Making Charitable Contributions from your IRA


Howard Essner, JD, Managing Director, Family Wealth Advisor

Did you know that you can make a charitable contribution directly from your IRA, avoid Federal (and possibly State) taxation on the distribution, and have the contribution count toward your required minimum distribution? That’s right. Last year, the PATH Act of 2015, made this special provision, which has been around in temporary form since 2006, permanent.

How might this opportunity benefit you? Without this special rule, if you took money out of an IRA and contributed it to a charity, you were required to report that distribution as taxable income. Of course, you could deduct the contribution as an itemized deduction, but that deduction might not offset the tax liability on the distribution depending on your tax situation. Now under these rules, a qualifying distribution is excluded completely from your federal taxable income. This can mean significant tax savings in the following situations:

  • If you do not itemize. Under the old rules, the corresponding income and deduction would offset each other on your federal return only if you itemized deductions. If you did not itemize, you paid tax on the distribution from the IRA to the charity. Now, non-itemizers will obtain the benefit of a deduction for a charitable distribution from an IRA. This is particularly meaningful for taxpayers who live in states with no income tax (such as Florida), because these taxpayers often do not have enough deductions to warrant itemization.
  • If you have maxed out your charitable deductions. Charitable contributions can only be deducted up to 50% of adjusted gross income. If you make a lot of charitable contributions and are subject to this limitation, this new rule provides you with the equivalent of a deduction in excess of the limit.
  • If you are subject to alternative minimum tax, pay tax on social security earnings, have large medical or miscellaneous deductions, or have itemized deductions and personal exemptions limited because of high income. Many tax results are measured by a taxpayer’s income. For example, medical expenses can be deducted only if they exceed a certain percentage of income. Likewise, itemized deductions are limited for high income taxpayers based on income levels. Because of the new exclusion, qualified charitable distributions from IRAs are not counted as income and can be ignored when analyzing these results.
  • If you live in a state that does not allow charitable deductions and/or taxes retirement distributions. Ohio, for example, taxes retirement income and does not allow for charitable deductions. Thus, under the old rules, if took a distribution from an IRA to make a charitable contribution, you paid Ohio tax on the distribution without any corresponding deduction. Now, no Ohio tax will be paid on the distribution since it is never included in federal taxable income.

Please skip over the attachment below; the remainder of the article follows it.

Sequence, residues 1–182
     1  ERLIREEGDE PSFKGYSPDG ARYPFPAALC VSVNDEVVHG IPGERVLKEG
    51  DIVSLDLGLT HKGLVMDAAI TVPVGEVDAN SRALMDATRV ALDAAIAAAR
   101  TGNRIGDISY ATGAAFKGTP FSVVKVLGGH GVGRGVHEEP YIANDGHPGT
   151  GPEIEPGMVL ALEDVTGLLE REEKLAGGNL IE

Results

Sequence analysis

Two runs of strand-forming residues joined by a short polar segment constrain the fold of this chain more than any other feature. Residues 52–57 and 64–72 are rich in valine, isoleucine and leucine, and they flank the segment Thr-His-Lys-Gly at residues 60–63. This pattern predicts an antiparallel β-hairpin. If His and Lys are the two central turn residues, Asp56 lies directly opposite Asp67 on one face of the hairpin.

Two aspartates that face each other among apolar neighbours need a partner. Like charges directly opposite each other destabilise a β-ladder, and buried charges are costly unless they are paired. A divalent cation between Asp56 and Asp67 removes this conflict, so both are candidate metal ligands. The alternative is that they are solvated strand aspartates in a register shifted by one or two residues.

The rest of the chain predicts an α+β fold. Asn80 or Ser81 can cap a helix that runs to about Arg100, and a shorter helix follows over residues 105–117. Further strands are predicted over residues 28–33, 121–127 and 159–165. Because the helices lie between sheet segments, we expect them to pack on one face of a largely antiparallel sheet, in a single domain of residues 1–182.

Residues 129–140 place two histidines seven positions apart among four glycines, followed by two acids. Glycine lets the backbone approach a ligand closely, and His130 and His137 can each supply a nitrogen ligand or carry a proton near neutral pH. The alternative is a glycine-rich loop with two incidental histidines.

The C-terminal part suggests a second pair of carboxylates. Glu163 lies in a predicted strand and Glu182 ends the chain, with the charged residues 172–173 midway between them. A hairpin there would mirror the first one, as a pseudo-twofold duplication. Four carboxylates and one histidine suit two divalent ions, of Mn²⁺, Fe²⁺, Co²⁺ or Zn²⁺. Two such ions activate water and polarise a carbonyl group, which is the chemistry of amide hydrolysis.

Of course, the law has some specific requirements. In order for a distribution to be excluded from income, the following requirements must be met:

  • The distribution must be made from a traditional or Roth IRA. Distributions from 401(k), 403(b), SEP, Keogh, or defined benefit plans are not eligible for this treatment. However, it may be possible to rollover a distribution from such a plan to an IRA and then make the charitable distribution.
  • The owner of the IRA must have reached age 70½ by the date of the contribution.
  • The distribution must be made to a qualified charitable organization. Donations to private foundations, donor advised funds, and supporting organizations do not qualify.
  • The amount excluded from gross income is limited to $100,000 per year per taxpayer (i.e., a married couple each with their own IRA can exclude up to $200,000 per year).
  • The contribution must be made directly by the plan administrator to the charitable organization. This means that the check must be issued by the plan administrator made payable to the charity. If the check is made payable to the taxpayer and then endorsed to the charity, the exclusion does not apply.

A few other comments:

  • Generally, distributions from traditional IRAs that hold only deductible contributions or rollover assets will benefit most from these rules, since these distributions are always subject to tax. If you own a traditional IRA that holds both before-tax assets and non-deductible contributions (which are not taxed when distributed), special rules apply that ensure that only the before-tax assets are distributed.
  • Most distributions from Roth IRAs do not benefit from the new rules, since these distributions are not normally subject to tax. However, there are some situations where distributions from Roth IRAs are taxed, and in these situations, the new rules will provide the benefits discussed above.
  • If you own very low cost basis assets, it may be more advantageous to donate these assets to charity.

The bottom line is this: if you are over age 70½, have assets in an IRA, make charitable contributions, and are in one of the above tax situations, you might consider having the charitable contribution made directly from the IRA, saving your other assets for other uses.

Disclaimer: Neither Ancora Inverness, LLC (and affiliates) nor Howard Essner are engaged in providing legal, accounting or tax advice. This article should be considered general advice only. Please consult your personal tax advisor to see if the concepts discussed in this article are applicable to you.

Howard Essner, JD, is the General Counsel at Ancora Holdings Inc.

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